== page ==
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Layouts can be visualized in our minds, but doing it with Scribus will be a manual job, and it's time to practice. This article will lead you through several design steps and will show some of the Scribus workflow basics in action. As an example, we'll design one of the simplest documents in terms of functionality: a business card. In this article by Cedric Gemy, author of Scribus 1.3.5 Beginner's Guide, we shall:
- Create a document
- Create and transform frames
- Import text and images
- Format text and images with simple options
- Save the document
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(For more resources on Scribus, see here.)
Creating a new layout
Creating a layout in Scribus means dealing with the New Document window. It is not a complex window but be aware that many things you'll set here will be considered definitive. If these settings look simple or evident, you should consider all these settings as important. Some of them like the page size mean that you already have an idea of the final document, or atleast that you've already made some choices that won't change after it is created. Of course, Scribus will let you change this later if you change your mind, but many things you will have done in the meantime will simply have to be done again.
Time for action – setting page size and paper size and margins
This window is the first that opens when you launch Scribus or when you go to the File | New menu. It contains several options that need to be set.
- First among these options will certainly be the page size. In our case, people usually use 54x85mm (USA: 51×89mm). When you type the measurements in the Width and Height fields, the Size option, which contains the common size presets, is automatically switched to Custom.
- If you want to use a different system unit, just change the Default Unit value placed below. Usually, we prefer Millimeters (mm), which is quite precise without having too many significant decimals.
- Then, you can set the margin for your document. Professional printers are very different from desktop printers as they can print without margins. In fact, consider margins as helpers to place objects. For a small document like a business card, having small 4mm margins will be good.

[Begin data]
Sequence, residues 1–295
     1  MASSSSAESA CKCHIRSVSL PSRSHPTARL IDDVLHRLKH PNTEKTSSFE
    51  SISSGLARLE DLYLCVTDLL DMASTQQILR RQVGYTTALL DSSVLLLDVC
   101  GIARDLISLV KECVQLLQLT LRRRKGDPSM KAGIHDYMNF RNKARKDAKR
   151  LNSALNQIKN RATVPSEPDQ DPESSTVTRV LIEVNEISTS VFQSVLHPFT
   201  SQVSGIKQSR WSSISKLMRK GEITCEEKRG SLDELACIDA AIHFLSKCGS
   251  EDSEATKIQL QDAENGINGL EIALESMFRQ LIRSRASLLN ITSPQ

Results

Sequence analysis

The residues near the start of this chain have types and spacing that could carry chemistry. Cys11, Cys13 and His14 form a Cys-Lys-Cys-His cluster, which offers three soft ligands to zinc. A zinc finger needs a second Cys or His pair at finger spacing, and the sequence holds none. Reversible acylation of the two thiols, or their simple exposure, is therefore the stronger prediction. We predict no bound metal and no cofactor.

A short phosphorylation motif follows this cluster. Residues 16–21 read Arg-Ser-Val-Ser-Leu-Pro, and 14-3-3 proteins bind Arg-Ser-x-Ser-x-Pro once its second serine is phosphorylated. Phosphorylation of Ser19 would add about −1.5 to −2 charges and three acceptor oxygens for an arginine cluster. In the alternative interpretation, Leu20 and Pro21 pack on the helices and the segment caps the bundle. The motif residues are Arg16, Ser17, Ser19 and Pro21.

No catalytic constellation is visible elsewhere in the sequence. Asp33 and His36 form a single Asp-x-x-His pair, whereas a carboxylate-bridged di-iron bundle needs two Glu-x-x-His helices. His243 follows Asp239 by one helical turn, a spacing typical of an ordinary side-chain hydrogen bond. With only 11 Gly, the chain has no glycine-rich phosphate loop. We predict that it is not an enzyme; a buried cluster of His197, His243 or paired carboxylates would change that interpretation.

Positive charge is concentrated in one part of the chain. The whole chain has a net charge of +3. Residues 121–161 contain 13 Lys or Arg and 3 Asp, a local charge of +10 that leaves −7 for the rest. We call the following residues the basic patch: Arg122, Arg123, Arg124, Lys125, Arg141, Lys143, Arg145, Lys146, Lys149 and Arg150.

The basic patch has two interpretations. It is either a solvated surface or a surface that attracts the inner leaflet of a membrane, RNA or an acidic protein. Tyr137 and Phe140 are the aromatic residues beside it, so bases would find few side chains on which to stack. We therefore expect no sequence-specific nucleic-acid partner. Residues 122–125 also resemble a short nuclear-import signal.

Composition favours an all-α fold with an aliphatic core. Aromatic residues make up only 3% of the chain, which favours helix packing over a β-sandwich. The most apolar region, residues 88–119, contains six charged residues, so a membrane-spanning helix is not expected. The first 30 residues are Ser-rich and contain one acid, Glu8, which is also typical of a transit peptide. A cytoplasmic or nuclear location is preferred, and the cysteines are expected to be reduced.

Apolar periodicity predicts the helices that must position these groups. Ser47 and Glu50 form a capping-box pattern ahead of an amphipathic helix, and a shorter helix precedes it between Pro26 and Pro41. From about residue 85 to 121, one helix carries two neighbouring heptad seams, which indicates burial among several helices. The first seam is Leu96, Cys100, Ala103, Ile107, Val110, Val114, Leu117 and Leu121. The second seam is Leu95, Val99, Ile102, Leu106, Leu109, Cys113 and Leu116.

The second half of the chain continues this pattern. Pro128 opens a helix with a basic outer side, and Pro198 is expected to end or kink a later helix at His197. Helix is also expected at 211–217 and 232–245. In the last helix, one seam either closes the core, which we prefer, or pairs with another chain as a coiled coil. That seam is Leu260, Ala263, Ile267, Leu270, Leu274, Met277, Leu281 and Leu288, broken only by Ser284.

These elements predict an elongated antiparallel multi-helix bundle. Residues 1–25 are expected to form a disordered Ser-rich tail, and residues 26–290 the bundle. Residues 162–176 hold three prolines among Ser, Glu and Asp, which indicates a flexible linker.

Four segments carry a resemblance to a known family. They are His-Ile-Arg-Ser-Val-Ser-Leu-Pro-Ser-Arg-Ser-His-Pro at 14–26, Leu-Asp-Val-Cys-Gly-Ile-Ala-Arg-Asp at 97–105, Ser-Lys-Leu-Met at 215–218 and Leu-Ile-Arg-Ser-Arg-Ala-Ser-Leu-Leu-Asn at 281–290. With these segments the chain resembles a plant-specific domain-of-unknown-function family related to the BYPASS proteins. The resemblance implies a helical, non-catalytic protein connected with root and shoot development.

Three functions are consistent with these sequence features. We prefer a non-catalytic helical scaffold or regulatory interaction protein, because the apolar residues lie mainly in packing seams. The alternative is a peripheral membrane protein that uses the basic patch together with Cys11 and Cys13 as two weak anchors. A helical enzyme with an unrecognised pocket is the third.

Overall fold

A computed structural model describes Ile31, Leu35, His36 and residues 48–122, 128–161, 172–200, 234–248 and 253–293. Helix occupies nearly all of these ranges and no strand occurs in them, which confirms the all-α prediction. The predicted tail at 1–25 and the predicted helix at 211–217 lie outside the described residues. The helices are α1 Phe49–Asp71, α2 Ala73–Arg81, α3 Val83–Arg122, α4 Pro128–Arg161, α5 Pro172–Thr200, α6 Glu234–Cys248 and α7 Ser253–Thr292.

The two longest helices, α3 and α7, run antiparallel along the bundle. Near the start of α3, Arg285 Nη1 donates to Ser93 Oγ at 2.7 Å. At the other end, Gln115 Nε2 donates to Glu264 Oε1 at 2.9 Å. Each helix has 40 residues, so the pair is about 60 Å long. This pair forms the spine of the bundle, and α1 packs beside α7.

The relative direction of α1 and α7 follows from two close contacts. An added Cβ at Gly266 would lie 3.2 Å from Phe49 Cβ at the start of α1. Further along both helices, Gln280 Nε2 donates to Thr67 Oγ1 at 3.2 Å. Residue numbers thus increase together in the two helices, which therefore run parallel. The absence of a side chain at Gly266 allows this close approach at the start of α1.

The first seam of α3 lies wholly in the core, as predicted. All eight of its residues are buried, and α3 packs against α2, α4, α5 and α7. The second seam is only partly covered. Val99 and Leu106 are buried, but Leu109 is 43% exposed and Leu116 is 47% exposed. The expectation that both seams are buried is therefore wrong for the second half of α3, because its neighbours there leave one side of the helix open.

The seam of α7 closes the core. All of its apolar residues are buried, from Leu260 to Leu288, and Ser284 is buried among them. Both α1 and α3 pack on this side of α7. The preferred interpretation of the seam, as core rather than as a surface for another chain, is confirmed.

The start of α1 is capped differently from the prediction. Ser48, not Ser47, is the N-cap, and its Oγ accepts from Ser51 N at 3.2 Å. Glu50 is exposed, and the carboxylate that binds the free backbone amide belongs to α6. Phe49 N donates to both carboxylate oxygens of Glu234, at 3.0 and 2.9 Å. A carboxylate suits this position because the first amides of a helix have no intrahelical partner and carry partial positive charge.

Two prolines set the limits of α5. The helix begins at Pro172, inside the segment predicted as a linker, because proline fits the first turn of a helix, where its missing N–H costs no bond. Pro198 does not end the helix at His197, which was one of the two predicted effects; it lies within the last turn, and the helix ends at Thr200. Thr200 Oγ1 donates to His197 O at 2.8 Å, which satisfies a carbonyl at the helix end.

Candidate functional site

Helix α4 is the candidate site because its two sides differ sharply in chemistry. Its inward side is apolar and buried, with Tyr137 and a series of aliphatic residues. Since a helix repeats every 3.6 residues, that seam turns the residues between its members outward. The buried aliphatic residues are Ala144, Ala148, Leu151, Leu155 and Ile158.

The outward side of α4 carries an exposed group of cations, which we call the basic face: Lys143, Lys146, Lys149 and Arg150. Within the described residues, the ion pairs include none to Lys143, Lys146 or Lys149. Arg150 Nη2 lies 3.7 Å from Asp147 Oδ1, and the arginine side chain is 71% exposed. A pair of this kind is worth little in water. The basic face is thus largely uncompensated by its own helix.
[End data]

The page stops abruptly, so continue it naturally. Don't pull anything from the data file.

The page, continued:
What just happened?
Some common page sizes are: the series (the ISO standards biggest starting with A0 841x1189, that is 1m², and halving at each half step), the US formats, especially letter (216x279mm), legal (216x356mm), and tabloid (approximately 279x432mm, 11x17in), commonly used in the UK for newspapers.
The best business card size
When choosing the size for the business card, you'll consider the existing size often used. Is ISO 54x85.6mm better than the US 2x3.5in, or the European 55x85mm, or the Australian 55x90mm, when only a few millimeters divide them? Best is certainly to match the most commonly-used size in your country. Remember one thing: a business card must have to be easily stored and sorted. Grabbing an uncommon format can just lead to the fact that no one will be able to put your card in their wallet.
Presets will be useful if you want to print locally, but don't forget that your print company crops the paper to the size you want. So don't mind being creative and do some testing. For example, you might print on an A3 size paper for your final document or in an A3+ real printing size so that you'll be able to use bleeds, as we'll explain in the following sections.
Here we're talking about the page size and not the paper size, which can be double if the Document Layout is set to any option but Single Page. For all the folded documents, the page size differs from the paper size—keep that in mind.
For now choose 54x85.6 in landscape: just set 54 as the height or change the orientation button if you haven't.
The other setting that might interest you is the margin . In Scribus, consider the margin as a helper. In fact nobody in the professional print process will need margins. It is useful for desktop printers, which can't print up to the sheet border. As our example is much smaller than the usual paper size, we won't have any trouble with it.